At the NFL Draft, general manager Sonny Weaver has the opportunity to rebuild his team when he trades for the number one pick. He must decide what he's willing to sacrifice on a life-changing day for a few hundred young men with NFL dreams.
This biopic focuses on the relationship of Ernie Davis (1939-1963), a gifted African-American athlete, and his coach from 1958 to 1962 at Syracuse University, Ben Schwartzwalder (1909-1993). Schwartzwalder recruits Davis with the help of All-American running back, Jim Brown. The civil rights movement is gaining steam; Davis experiences prejudice on campus, in town, and on the field, sometimes from teammates. How he handles it and how he challenges Schwartzwalder to stand up for his players provide a counterpoint to several great seasons that lead first to a national championship and then to the Heismann Trophy. Written by
While taking his Cleveland Browns physical, the doctor feels Ernie Davis' neck and asks him if has not been feeling well. Swollen lymph glands on the neck are a symptom of Leukemia. See more »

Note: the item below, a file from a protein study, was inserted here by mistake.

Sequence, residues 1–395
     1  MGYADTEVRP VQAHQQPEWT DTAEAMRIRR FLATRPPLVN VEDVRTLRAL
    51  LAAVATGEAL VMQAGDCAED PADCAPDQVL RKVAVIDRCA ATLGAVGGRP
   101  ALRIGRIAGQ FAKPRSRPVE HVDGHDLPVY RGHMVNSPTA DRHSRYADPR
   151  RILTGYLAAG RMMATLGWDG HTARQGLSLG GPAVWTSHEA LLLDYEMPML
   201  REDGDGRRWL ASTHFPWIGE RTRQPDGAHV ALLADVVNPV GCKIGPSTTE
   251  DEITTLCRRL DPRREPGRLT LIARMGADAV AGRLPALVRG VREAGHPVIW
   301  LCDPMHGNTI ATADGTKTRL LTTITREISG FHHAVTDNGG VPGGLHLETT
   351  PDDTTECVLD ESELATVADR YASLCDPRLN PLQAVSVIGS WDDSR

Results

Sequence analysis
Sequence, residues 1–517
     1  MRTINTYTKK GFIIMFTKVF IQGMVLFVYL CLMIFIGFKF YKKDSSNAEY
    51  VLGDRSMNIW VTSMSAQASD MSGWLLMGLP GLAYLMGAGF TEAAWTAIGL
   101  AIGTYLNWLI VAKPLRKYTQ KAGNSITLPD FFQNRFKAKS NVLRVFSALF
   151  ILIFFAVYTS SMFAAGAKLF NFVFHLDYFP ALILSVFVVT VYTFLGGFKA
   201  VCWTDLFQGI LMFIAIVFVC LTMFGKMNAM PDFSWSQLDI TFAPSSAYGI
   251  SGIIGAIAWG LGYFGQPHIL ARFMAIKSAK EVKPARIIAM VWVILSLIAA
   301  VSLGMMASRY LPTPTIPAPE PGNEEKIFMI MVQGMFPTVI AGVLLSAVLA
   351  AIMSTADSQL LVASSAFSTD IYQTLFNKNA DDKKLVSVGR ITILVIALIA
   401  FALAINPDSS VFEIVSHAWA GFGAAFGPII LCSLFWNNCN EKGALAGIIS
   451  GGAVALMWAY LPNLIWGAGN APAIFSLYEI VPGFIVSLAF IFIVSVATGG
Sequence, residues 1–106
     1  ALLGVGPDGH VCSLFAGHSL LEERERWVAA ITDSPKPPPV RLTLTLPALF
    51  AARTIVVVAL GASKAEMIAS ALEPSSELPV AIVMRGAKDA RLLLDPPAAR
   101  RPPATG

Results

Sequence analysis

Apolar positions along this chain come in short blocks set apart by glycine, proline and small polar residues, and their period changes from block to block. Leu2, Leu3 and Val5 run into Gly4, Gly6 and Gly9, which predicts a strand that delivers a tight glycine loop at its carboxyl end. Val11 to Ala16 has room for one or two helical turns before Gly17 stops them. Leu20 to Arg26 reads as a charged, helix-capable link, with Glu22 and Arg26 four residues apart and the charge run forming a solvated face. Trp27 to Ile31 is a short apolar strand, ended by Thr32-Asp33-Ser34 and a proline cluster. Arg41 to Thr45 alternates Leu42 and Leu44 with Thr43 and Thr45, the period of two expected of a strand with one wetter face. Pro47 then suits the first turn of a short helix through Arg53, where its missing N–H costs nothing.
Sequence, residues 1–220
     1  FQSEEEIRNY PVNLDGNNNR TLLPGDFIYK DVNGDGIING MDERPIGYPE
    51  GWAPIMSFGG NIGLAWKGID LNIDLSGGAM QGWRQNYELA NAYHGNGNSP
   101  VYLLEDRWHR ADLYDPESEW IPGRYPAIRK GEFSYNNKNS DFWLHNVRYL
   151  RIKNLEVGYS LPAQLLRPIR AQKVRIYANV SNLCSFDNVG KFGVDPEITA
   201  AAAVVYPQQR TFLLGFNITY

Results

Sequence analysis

The night game played versus West Virginia University is a fictional account. West Virginia's stadium did not have lights until two years after the movie took place. Additionally, in the year that the movie takes place the West Virginia vs Syracuse game was played at Syracuse. See more »
21 straight lines five yards apart. That is a football field. But there are other lines you don'T see that run deeper and wider. All the way through the country, and aren't part of any game.
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Loosely based on the life of the first black football player to win the Heisman Trophy, this follows a chap named Ernie Davis -- a name most viewers are unlikely to be familiar with -- throughout his school years. When he reaches Syracuse College, he finds he is one of two black players on his team. His coach is played by Dennis Quaid. The period was just far enough back in time that there were very few black football players, and in some states, blacks could not stay in the same hotels or attend social functions with whites. All of this is dealt with in a forthright manner, although some facts have been slightly altered to punch home the drama of the era. Quaid's coach is a gruff old man with a heart of gold, a role Quaid likely will be playing more and more often as he ages. You may not recognize many of the actors in this, but they are uniformly excellent. Worth a watch, even if you dislike football.
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